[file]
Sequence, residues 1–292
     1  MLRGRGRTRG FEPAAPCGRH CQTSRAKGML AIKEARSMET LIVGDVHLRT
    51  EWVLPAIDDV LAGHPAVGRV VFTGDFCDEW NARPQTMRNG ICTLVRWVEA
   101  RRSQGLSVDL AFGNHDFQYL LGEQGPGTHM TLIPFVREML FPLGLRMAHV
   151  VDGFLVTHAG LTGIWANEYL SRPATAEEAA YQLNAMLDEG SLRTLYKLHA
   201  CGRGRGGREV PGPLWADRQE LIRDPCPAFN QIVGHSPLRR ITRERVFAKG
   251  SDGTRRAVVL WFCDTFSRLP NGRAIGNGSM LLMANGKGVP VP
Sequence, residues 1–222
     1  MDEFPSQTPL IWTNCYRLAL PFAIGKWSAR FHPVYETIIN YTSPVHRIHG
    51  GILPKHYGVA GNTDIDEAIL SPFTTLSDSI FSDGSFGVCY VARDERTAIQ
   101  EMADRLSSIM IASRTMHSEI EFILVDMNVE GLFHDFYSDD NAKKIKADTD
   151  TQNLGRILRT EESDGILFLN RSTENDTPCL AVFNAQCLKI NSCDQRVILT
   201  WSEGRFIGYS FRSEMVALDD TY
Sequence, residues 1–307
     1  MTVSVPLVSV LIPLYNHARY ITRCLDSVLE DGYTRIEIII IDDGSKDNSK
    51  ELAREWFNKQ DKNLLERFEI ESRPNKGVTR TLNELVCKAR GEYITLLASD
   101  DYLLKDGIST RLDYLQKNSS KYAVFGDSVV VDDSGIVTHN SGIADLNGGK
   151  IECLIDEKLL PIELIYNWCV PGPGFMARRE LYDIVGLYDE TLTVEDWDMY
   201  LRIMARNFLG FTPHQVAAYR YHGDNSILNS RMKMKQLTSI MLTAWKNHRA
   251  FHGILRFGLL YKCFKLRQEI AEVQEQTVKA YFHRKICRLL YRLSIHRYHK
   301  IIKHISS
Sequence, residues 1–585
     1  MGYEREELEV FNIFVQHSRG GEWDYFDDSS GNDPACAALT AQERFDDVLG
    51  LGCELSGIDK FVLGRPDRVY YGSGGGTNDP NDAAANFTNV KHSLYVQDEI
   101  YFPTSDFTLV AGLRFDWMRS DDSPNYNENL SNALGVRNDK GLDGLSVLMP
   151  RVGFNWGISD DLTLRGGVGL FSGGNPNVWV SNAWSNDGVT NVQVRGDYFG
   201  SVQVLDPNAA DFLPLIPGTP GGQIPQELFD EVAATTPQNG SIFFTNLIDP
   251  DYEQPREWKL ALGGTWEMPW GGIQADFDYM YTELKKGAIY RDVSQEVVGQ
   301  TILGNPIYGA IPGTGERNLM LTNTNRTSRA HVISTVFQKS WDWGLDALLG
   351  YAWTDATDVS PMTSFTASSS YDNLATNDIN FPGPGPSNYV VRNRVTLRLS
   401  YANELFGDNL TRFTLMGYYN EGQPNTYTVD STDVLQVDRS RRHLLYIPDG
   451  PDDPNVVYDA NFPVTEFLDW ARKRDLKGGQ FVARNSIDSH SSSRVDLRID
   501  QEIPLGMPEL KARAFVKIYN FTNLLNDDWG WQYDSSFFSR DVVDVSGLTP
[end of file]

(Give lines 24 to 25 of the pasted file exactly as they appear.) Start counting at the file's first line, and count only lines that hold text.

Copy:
    51  LGCELSGIDK FVLGRPDRVY YGSGGGTNDP NDAAANFTNV KHSLYVQDEI
   101  YFPTSDFTLV AGLRFDWMRS DDSPNYNENL SNALGVRNDK GLDGLSVLMP